The solution works to optimize lime production rates, reduce energy consumption and emissions, increase re-burned lime availability, decrease residual carbonate variations, and improve overall operation with increased visibility of the process. It combines laboratory results by operators with MPC, thus getting the best of both approaches in a fully product-specific solution, with minimum need for on-site development. This enables tighter control of the lime production process, leading to more stable pulp mill operations.

Looking to the fiberline side of pulp mill operations, mills can achieve optimum pulp quality leveraging APC in the cooking process. When ABB’s OPT800 Cook/C APC module is applied in a continuous pulp digester, it controls an estimated Kappa number in the cooking zone, residual alkali at the extraction stage, chip level in the digester and blow consistency. Typical results include reduced variability in the final Kappa number and reduced steam and alkali consumption, resulting in lower energy and bleaching costs.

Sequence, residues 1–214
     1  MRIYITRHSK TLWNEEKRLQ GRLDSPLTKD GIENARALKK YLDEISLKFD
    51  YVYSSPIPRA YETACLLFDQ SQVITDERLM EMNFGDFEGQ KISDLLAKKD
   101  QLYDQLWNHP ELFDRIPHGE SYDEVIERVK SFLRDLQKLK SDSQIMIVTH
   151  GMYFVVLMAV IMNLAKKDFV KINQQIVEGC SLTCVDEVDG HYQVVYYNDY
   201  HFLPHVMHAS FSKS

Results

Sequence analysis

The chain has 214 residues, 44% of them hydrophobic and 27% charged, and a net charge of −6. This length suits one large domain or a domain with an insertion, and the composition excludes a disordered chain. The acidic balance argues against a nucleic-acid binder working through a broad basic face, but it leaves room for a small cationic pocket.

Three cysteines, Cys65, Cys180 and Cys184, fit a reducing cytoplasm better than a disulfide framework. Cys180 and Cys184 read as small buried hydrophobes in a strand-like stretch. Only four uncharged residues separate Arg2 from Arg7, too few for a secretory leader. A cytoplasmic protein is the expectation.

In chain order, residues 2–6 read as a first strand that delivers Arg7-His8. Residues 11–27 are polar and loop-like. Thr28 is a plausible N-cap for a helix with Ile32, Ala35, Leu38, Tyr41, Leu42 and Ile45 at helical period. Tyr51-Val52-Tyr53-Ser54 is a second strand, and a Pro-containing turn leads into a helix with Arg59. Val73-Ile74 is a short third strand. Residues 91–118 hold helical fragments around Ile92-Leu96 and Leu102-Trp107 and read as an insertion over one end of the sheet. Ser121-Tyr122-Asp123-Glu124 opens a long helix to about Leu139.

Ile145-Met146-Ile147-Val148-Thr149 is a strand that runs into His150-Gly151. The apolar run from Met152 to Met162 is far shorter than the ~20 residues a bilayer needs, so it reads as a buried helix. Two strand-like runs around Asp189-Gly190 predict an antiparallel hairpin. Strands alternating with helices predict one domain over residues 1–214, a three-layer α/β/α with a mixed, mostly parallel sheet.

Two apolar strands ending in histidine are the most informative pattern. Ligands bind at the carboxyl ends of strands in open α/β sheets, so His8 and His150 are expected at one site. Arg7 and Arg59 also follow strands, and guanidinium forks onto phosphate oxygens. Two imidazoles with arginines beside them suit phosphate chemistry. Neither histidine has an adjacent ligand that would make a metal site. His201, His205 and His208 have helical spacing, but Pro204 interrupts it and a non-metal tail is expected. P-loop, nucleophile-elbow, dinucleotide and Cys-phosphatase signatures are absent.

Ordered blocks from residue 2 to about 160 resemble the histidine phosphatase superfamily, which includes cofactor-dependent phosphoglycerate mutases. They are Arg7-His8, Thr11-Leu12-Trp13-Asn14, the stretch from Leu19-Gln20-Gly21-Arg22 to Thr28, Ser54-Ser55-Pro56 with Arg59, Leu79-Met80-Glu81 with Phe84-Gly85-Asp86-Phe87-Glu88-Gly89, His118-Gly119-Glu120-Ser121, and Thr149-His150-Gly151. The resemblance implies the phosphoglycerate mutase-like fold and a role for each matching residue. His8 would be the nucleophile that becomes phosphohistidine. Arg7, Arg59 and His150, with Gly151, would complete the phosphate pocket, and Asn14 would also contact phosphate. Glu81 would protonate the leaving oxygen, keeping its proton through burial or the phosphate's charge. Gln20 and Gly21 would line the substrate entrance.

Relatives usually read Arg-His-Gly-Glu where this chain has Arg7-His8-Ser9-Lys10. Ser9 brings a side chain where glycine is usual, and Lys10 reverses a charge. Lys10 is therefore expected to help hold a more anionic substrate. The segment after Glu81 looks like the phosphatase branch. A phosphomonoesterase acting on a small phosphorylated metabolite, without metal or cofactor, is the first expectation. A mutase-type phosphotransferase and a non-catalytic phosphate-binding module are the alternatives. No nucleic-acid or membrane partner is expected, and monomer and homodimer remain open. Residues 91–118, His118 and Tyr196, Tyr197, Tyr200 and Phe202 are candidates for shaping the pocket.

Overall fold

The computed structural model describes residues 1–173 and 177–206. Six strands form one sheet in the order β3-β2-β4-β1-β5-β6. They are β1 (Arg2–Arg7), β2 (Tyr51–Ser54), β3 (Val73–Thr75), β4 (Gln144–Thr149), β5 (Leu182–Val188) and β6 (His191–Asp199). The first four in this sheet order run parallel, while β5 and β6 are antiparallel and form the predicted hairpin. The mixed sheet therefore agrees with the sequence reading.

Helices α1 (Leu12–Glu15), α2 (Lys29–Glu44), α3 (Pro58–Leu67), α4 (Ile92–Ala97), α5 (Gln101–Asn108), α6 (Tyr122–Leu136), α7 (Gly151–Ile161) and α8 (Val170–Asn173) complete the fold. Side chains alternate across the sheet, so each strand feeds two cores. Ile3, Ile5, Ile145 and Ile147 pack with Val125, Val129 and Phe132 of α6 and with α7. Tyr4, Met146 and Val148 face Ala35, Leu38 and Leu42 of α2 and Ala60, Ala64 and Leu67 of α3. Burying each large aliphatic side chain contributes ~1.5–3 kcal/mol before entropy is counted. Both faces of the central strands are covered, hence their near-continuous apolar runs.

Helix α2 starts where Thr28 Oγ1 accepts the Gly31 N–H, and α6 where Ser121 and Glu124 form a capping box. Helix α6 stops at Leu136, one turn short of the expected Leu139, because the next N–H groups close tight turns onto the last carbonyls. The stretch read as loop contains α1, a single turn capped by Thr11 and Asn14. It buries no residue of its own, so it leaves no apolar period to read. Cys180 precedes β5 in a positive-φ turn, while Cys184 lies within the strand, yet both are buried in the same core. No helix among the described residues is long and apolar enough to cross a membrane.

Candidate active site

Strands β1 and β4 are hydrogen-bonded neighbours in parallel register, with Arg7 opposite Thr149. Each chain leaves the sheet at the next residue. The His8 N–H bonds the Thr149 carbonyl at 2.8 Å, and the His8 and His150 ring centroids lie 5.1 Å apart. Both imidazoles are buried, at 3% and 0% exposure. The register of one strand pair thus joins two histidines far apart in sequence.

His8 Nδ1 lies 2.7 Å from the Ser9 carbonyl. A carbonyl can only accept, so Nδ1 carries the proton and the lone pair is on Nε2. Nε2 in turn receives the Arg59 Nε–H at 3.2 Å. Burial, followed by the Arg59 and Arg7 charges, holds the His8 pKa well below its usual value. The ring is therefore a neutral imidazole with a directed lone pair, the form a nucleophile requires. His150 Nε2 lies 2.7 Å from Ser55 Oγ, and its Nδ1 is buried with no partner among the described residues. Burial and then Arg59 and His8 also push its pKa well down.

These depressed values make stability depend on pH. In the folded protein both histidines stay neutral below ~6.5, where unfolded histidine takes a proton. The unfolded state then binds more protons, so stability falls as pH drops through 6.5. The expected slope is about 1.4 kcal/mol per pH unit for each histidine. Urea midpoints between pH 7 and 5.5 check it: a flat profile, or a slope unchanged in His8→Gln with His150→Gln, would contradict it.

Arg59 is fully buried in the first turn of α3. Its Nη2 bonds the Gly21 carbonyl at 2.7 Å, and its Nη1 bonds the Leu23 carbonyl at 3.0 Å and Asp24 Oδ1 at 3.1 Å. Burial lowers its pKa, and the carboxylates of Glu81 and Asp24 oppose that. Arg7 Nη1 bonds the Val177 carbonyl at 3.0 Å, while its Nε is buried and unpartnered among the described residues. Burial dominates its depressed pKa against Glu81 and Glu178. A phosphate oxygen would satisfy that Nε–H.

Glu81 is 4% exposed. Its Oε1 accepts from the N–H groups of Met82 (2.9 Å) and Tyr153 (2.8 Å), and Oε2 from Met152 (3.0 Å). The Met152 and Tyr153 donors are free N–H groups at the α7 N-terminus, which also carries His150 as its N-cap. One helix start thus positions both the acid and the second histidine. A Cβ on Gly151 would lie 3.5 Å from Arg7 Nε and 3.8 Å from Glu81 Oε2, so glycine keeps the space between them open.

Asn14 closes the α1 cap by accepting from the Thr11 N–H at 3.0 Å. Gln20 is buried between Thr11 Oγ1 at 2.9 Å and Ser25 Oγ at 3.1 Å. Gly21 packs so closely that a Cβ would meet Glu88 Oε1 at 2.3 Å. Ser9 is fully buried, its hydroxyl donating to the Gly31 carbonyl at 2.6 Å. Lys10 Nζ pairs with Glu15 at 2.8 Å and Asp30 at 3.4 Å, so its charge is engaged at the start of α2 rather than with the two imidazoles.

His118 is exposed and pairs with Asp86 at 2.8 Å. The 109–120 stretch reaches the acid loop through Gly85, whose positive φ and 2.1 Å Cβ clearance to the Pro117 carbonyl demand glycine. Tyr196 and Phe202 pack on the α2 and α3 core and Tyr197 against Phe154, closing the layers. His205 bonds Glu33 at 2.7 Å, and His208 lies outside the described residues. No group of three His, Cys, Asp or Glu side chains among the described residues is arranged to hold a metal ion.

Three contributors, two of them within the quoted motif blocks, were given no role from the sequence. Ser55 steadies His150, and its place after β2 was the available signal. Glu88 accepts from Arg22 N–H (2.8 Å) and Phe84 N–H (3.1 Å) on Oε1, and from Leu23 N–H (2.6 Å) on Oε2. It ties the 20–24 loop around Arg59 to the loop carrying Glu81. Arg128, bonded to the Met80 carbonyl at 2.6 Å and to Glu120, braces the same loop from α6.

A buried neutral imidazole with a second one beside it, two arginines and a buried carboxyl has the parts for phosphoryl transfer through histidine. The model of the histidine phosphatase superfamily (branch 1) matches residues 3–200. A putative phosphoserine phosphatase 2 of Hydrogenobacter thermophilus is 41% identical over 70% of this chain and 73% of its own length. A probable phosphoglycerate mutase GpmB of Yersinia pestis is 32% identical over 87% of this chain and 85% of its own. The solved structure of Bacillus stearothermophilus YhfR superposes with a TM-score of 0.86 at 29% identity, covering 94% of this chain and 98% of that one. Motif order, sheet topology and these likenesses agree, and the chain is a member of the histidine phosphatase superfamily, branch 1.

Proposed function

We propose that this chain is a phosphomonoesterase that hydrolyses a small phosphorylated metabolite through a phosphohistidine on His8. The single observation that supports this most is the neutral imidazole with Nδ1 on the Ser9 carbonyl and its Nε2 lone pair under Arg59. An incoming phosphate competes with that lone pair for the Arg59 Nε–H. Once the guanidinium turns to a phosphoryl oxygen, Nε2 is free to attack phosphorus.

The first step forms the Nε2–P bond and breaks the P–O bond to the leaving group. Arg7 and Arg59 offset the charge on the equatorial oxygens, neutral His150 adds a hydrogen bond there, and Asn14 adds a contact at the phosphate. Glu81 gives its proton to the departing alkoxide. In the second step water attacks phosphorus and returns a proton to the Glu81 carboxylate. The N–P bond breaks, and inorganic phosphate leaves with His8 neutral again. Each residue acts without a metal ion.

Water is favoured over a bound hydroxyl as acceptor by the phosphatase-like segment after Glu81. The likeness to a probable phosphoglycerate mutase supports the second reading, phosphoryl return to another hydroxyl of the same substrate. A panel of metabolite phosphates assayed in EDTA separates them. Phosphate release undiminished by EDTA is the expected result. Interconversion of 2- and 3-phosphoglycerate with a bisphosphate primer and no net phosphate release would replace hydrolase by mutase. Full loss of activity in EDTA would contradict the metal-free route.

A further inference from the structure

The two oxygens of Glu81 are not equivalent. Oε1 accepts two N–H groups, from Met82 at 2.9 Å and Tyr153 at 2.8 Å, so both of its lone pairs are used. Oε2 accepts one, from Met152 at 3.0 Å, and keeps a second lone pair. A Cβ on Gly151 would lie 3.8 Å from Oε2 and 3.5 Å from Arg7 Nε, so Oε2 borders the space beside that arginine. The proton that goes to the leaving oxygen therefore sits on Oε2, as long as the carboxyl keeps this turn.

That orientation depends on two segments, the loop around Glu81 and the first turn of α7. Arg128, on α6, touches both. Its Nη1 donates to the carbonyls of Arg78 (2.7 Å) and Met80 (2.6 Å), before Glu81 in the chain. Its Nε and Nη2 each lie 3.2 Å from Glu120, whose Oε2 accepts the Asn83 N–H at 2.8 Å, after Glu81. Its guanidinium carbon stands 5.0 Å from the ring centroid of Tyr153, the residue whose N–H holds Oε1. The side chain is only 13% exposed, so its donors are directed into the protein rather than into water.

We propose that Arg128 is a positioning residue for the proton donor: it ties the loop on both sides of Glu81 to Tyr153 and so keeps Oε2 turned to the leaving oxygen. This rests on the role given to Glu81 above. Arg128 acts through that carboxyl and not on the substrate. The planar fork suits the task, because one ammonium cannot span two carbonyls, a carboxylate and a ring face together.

Another example of APC implementation is on the wet end of a paper machine. Producing paper on a paper machine involves a series of highly complex processes and variation in any of these processes could lead to the formation of a defect in the sheet or a weakness in the paper web, eventually leading to a sheet break or rejection due to poor quality. Wet End Control helps to monitor and analyze the wet-end processes and can significantly reduce downtime, the usage of chemical additives and production costs, while maximizing production.

Above and below: Automatically managing multiple variables significantly reduces variability and raw material usage while improving runnability

Delivering tangible results for customers

Many mills recognize that implementing more than one APC module in a pulp mill can result in synergy and smoother operations, and as such are using multiple modules to get the maximum value from their process. One pulp mill in Asia installed APC modules in both the lime kiln and causticizing operation, which are intimately linked in the kraft process, since lime from the kiln is added to the causticizer to prepare white liquor. In the lime kiln, variability in temperature and excess oxygen was reduced by 40% along with an 8% reduction in energy use. In the causticizing operation, variability in causticizing efficiency was reduced by 31%, with an 11% savings in lime consumption.